"Huh," Carlos said. "That's not what they're like in the...umm."

"The what?" Cecil asked. Carlos's scientific curiosity seemed to have calmed his nerves, or maybe it was the tentacle-petting.

"Lashanna—my first girlfriend—liked anime," Carlos explained. "Especially erotica. Some of which involved beings which were...similarly equipped. Only in those examples, the tentacles functioned as sexual organs."

"Wouldn't that be inconvenient," Cecil remarked, "having sensitive genitalia as your limbs?"

"Maybe they weren't used except for coitus?"

Cecil frowned. "That seems even more inconvenient."

Carlos had to agree, the next time they were cooking, and Cecil instinctively whipped a tentacle around the glass bottle of olive oil that slipped from Carlos's fingers, to catch it before it could smash on the floor. Cecil initially seemed mortified, but under Carlos's interested observation began to employ his tentacles more often—as he did in private, Carlos deduced, and small wonder he had avoided cooking in front of Carlos before; it must have been irritating to limit himself to only his hands. In fact Carlos soon began to wonder how he'd himself ever managed in the kitchen without half a dozen extra pairs of limbs.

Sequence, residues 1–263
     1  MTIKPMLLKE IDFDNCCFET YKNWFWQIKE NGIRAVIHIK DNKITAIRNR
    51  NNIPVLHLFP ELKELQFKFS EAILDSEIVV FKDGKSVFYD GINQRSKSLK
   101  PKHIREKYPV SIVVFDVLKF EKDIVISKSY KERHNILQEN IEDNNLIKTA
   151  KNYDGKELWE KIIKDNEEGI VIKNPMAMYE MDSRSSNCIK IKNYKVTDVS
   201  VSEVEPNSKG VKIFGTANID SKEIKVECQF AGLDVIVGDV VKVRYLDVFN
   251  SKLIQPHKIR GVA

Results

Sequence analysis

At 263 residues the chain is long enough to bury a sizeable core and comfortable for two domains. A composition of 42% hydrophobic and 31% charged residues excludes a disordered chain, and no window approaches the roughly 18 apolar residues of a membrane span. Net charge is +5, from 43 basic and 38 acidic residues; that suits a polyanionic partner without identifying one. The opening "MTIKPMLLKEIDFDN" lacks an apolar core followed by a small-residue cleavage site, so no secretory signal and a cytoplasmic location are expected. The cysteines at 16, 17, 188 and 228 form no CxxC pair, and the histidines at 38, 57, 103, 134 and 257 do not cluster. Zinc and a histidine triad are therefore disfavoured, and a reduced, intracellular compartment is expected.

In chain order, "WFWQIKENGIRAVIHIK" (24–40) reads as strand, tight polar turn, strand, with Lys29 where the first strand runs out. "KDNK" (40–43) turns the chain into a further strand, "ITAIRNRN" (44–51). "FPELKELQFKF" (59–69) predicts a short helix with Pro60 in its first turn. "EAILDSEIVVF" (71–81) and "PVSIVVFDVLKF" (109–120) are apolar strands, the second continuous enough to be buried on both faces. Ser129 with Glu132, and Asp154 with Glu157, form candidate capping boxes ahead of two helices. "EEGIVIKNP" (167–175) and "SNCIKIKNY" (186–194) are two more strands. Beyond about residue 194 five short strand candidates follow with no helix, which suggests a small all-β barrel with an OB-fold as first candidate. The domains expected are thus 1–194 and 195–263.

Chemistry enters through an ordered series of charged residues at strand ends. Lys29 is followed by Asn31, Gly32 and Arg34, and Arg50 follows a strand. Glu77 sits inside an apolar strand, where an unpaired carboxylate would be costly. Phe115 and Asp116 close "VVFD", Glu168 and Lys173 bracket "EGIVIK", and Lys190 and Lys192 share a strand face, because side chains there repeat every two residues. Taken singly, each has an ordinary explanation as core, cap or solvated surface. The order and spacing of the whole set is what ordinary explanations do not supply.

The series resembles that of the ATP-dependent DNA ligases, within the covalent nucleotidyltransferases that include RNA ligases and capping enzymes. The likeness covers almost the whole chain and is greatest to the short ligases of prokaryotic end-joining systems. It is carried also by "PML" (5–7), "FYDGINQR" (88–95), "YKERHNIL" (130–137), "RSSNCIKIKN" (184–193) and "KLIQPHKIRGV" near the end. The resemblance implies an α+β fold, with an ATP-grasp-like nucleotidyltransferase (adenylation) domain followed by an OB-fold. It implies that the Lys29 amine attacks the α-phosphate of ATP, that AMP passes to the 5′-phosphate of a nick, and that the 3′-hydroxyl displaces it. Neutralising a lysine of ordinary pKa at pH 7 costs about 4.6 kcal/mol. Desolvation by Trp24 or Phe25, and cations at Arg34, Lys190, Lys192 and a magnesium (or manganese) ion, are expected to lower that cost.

Cecil couldn't do everything at once—the appendages had the physical dexterity to, say, slice vegetables; but such a task also required eyesight and concentration to keep from accidentally chopping off a tentacle tip along with the carrots. But he could stir a pot without looking, or hold a large platter in two hands while adding spices with his tentacles. And it quickly became clear why he'd never bothered to get a dishwasher, as being able to wash, rinse, and dry simultaneously made quick work of the cleanup.

He didn't like to use his tentacles when actually sitting down to a meal, however; it apparently seemed gauche, like eating with one's feet.

"Technically, I suppose that makes them arms, or limbs, instead of tentacles," Carlos said. He'd been reading up on marine zoology. "Tentacles, by the biological definition, are appendages used for grasping food and bringing it to the mouth or other oral orifices."

Whatever they were called, Carlos was very grateful Cecil had them on their dinner date out on the closed harbor and waterfront recreation area.

Cecil had provided the picnic basket, Carlos had provided the food to put in it, and they had a wonderful time sitting on the edge of the docks, swinging their legs over dry sand and fearing the starry void, and making up stories about the hypothetical ships that might visit a desert port. Carlos was in the middle of describing the possible propeller construction of a sand submarine when Cecil cocked his head and asked, "Do you hear that?"